Credit agreements and Directive 93/13 on unfair terms in consumer contracts

Typology: Case Law

The Court of Justice delivered on 21 April 2016 its judgment in case C‑377/14, Ernst Georg Radlinger, Helena Radlingerová v Finway a.s., which is notably about Council Directive 93/13/EEC of 5 April 1993 on unfair terms in consumer contracts.

The facts were the following. In 2011, the Radlingers concluded a consumer credit agreement with Smart Hypo s.r.o., under which they were granted a loan of approximately EUR 43 300. As consideration for the grant of that loan, the Radlingers undertook firstly to reimburse to the creditor the sum of approximately EUR 109 500 in 120 monthly instalments. The APR of the consumer credit at issue in the main proceedings was 28.9%. Over and above the default interest provided by statute, the Radlingers undertook to pay the lender a contractual penalty of 0.2% of the principal sum for every day or part of a day of default, a single contractual fine of approximately EUR 4 320 in the event of a default exceeding one month, and a lump sum of approximately EUR 1 846 towards the lender’s costs in recovering amounts owed. Finally, the creditor reserved the right to demand, with immediate effect, reimbursement in full of the amounts due, if one of the monthly instalments was not paid in full or on time, or if his agreement proved to have been vitiated by a fraudulent lack of disclosure by the Radlingers.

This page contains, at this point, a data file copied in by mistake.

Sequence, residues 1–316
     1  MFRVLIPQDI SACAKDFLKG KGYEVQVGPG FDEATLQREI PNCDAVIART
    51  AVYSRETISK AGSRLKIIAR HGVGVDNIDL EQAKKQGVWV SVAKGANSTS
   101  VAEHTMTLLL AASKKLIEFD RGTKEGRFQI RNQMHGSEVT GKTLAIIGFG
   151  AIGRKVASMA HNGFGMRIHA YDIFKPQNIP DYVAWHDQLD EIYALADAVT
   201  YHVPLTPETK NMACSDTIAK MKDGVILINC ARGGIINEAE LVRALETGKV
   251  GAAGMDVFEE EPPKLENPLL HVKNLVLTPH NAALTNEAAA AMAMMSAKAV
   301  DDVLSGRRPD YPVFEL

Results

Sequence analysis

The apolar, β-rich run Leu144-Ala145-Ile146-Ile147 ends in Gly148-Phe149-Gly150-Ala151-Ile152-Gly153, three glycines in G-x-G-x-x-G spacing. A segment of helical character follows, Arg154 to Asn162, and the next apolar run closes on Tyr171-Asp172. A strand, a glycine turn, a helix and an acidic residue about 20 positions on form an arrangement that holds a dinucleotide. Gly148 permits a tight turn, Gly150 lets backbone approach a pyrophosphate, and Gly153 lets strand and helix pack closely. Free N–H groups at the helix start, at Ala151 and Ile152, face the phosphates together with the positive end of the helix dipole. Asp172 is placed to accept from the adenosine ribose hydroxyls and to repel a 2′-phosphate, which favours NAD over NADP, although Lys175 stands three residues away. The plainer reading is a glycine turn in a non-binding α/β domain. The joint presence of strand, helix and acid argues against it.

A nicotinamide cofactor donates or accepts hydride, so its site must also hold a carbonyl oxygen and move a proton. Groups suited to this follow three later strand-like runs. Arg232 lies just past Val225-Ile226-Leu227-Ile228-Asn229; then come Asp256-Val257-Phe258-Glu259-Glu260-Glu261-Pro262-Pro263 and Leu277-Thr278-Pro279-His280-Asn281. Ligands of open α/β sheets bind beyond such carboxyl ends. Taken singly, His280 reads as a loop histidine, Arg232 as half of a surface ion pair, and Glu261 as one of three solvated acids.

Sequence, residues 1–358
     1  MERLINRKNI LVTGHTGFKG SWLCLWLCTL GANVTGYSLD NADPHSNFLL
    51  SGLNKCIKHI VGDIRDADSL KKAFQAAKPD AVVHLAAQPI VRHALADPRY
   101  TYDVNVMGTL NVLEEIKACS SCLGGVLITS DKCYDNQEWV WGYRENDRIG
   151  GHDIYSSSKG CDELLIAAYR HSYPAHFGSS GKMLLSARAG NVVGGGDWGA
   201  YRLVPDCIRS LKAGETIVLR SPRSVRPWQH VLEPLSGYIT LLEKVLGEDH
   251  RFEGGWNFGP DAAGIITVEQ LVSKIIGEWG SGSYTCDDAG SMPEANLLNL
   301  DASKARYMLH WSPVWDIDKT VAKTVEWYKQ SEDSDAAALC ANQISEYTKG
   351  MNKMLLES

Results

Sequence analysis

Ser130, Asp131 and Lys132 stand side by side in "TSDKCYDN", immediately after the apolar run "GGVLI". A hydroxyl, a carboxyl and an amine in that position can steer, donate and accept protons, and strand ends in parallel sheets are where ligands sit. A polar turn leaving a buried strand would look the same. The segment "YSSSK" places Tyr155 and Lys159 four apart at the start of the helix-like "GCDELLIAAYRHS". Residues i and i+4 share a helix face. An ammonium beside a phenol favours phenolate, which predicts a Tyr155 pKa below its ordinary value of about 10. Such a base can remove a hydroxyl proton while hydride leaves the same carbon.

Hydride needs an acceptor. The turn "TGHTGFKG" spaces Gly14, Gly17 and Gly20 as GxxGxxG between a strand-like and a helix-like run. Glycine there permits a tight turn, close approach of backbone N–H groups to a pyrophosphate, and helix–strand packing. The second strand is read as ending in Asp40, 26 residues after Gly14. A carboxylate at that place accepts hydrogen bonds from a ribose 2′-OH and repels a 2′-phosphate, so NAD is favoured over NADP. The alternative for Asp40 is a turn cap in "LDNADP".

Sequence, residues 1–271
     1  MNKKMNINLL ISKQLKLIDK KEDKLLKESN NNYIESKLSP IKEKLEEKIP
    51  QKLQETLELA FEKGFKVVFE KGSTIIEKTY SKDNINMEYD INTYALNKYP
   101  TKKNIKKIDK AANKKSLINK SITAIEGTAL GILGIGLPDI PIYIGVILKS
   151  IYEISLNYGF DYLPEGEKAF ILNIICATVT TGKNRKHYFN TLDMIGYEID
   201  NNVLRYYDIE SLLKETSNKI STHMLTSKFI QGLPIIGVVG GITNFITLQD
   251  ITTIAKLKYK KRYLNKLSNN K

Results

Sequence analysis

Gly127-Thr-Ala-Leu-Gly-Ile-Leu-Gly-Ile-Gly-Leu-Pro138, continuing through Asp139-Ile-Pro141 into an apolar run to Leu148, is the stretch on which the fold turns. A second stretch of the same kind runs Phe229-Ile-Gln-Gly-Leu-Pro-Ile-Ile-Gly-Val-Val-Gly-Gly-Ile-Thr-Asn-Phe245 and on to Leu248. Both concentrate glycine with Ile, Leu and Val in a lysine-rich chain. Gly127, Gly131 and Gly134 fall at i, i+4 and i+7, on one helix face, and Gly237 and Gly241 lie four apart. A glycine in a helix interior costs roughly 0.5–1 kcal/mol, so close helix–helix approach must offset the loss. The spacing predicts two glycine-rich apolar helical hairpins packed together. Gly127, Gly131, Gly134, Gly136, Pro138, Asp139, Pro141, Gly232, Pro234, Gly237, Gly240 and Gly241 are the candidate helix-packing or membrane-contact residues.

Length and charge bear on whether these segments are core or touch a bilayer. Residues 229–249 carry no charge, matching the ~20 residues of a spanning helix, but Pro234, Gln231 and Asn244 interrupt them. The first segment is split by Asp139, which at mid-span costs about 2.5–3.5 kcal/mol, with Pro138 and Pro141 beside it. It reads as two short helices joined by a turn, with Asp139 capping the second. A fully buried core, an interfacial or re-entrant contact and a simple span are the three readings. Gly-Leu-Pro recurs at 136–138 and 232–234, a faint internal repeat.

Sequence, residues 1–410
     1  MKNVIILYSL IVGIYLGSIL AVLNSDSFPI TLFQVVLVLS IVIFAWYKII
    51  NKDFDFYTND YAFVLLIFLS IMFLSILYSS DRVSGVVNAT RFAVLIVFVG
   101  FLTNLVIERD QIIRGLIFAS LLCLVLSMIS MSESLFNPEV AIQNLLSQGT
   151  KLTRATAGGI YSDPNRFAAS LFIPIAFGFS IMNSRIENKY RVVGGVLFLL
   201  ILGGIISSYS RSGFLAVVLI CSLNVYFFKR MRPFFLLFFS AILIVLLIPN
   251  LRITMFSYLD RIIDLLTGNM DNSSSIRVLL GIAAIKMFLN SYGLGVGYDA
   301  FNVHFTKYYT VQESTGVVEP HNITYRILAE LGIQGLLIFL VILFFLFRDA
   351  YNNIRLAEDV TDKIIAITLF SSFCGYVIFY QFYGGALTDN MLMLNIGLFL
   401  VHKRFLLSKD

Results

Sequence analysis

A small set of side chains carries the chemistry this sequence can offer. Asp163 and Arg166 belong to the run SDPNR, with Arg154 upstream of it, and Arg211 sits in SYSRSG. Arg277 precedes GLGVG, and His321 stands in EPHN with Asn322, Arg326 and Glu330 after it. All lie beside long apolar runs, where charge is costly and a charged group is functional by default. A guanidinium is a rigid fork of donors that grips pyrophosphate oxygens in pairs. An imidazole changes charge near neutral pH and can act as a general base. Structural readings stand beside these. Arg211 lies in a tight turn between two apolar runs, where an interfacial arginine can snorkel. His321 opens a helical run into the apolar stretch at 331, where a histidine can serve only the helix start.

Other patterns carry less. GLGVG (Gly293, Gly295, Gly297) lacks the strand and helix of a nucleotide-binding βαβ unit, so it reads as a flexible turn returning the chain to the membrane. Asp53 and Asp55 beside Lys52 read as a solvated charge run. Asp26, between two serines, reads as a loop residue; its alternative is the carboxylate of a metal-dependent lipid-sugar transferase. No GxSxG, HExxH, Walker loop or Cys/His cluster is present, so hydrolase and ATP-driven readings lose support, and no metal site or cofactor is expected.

The credit was used to settle earlier debts owed to a bailiff, notarial fees, and, in favour of the lender, the costs connected with that credit, the first monthly instalment thereof and part of the following monthly instalments.

In 2011, Finway, to which Smart Hypo s. r. o. had transferred the debts which it held over the Radlingers, informed them that the full amount of the debt, which at that time amounted to approximately EUR 106 300, was payable immediately, on the ground that essential information had been withheld when the agreement at issue in the main proceedings was concluded. According to Finway, the Radlingers had hidden the fact that a seizure had been ordered of their property in the amount of approximately EUR 160.

In 2013, a Prague Court, Czech Republic, declared the Radlingers bankrupt, designated an insolvency administrator and requested the creditors to declare their claims within 30 days. Finway registered two enforceable claims, the first was a claim for approximately EUR 112 700 secured by a mortgage, and the second was an unsecured claim in the amount of EUR 50 300, representing the contractual penalty, provided for in the agreement at issue in the main proceedings, for default on the payments at 0.2% of the principal sum per day from 2011 to 2013. The Radlingers accepted that the claims were enforceable, but contested the amounts on the grounds that the terms of the credit agreement at issue in the main proceedings had been contrary to accepted principles of morality. They also later requested, as debtors, a declaration of the unlawfulness in part or in full of the claims declared by Finway.